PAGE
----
Gonzalo Sánchez
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Ethical Hacking: an Essential Skill to Protect Your Company

By Jan Hogewoning | Thu, 01/07/2021 - 16:44

Q: What courses do you offer at the moment?

A: Right now, we offer courses in two areas. One is focused on ethical hacking and the other on forensic computing. The star course is a certification for hacking and cybersecurity. This can be taken by people who already have some experience in cybersecurity or by people who are starting from scratch. The course includes content that ranges from basic security topics to more advanced areas like pen testing, weapons testing, security auditing of web applications and much more. There is an opportunity to specialize a little in one area as a student. One of the benefits of our courses is that they are very focused on exercises. We want to give people practical experience beyond theory. This contrasts with a many of the programs out there, which can be 90 percent theory and only 10 percent practice. Ultimately, it will take hours and hours of practice before people begin to master these skills. With our course, we aim to reduce the learning curve with tools and methodologies. We also provide tips on how to apply this material in day-to-day tasks. We are looking at launching a new course focused on cyber-intelligence, counter-intelligence and tracing. In terms of costs, we have offered our courses for prices ranging between MX$2,000 (US$100) to MX$20,000 (US$1,000).

 

Q: How have the public and private sectors responded to your programs?

A: After five years, we have seen people’s perception toward cybersecurity change. It is becoming a more urgent priority, with more companies adopting these skills. When we started, there were many negative reactions to the concept of “ethical hacking.” People thought that we were training people to do things that were bad or illegal, even. They compared it to training a thief to rob a bank. Now, we are in a more digitalized environment and people are suffering from cybercrime. They realize, often after an attack, how important it is to have people who can do ethical hacking in their company, precisely to protect them. From the public sector, government dependencies seek us out to provide training to their cyber-police, financial intelligence, fiscal affairs agencies and others. In the private sector, we have trained staff from all types of companies. This includes companies in the energy, food and agriculture sectors. We have also had a lot of interest from lawyers and law firms. They are seeing more and more cases where cybercrime is a component. They need to understand this better.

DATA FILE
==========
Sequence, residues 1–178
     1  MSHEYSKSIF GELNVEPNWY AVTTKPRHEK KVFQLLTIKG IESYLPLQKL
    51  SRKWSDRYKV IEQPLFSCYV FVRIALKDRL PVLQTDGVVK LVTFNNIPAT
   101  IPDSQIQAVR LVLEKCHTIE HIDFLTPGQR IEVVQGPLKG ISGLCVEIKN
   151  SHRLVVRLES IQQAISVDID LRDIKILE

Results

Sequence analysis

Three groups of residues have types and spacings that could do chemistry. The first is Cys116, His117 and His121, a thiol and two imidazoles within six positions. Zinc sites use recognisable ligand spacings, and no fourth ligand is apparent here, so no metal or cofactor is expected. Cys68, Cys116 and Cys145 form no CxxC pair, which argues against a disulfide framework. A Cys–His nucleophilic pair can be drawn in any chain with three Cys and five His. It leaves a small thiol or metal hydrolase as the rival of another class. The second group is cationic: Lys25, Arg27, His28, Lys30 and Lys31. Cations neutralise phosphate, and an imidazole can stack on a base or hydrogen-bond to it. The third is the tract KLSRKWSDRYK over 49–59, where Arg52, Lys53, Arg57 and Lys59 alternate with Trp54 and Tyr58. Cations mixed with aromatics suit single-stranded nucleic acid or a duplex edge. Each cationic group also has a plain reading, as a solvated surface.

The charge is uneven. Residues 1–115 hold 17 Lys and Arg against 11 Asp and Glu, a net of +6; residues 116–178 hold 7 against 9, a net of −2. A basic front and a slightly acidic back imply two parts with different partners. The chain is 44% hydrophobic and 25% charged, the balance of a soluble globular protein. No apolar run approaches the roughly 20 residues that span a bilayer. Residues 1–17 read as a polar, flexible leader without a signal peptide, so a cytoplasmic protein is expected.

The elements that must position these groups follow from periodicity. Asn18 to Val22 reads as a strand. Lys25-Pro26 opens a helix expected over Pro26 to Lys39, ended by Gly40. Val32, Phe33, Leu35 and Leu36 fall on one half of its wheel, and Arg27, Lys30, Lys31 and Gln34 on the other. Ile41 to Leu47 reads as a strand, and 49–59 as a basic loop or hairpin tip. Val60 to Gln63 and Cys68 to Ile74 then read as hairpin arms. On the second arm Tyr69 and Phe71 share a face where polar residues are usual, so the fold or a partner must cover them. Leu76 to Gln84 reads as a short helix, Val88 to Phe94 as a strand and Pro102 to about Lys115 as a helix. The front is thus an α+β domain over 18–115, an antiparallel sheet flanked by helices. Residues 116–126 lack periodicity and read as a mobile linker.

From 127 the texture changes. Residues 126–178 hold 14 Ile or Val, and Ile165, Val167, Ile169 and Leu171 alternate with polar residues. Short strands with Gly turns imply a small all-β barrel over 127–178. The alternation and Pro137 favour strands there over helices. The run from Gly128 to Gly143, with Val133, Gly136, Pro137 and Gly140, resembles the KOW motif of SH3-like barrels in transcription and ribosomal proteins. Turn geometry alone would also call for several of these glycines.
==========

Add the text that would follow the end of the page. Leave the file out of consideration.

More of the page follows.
Q: Why is ethical hacking an important skill for a company to have?

A: We now live in a time when it is no longer a question of whether a company will be hacked but when it will be hacked. Companies need to have a few individuals who know what is happening and what threats surround them, as many depend heavily on digital assets, like data from clients. Often in our courses, students are surprised when they see how much reach a cyberattack can have in a company. I think the lack of awareness of the potential impact of a cyberattack on a company, big or small, is the biggest issue. Executives of different areas of a company should be well-informed of cybersecurity risks.

A person with ethical hacking skills is someone in the area of IT. They monitor digital assets constantly, look for vulnerabilities where the company could be breached and when they find one, they patch it. This person can also carry out incident response if they have the training. A person can mitigate an attack, but also apply forensic techniques to find out where the attack came from. This includes not just looking in the digital space but also at human behavior. There are many cases where humans involved with a company are instrumental actors in a cyberattack, whether willingly or not. These days, cyberattacks are evolving. For example, cybercriminals can create an artificial voice recording of a real person asking for particular archives to be shared with them.

 

Q: How do you finance your programs?

A: All courses are paid for by students. However, we give participants generous discounts. If you took a course before, we provide a discount. We also have special group discounts if more than three people register together. We are investigating whether we can receive external financing from the government but we are still in this process.

 

Q: How well-recognized are your certificates?

A: Recognition is relative, in the sense that in the end people walk away with the skills and they are going to be tested by the companies where they work. However, we are registered with the Ministry of Labor and Social Welfare, as well as the Mexican Society of Certified Appraisers (AMPVD). We also have an alliance with a certification agent of E-C Council, a body that offers a globally renowned program for ethical hacking. Our relationship gives our students the option to receive an international certification. Generally speaking, most of our students are not motivated by the certificate but by the knowledge and skills they acquire.

 

 

RedTech is a cybersecurity services company that provides cybersecurity services as well as educational courses on ethical hacking and cyber-forensics

Photo by:   RedTech
Jan Hogewoning Jan Hogewoning Journalist and Industry Analyst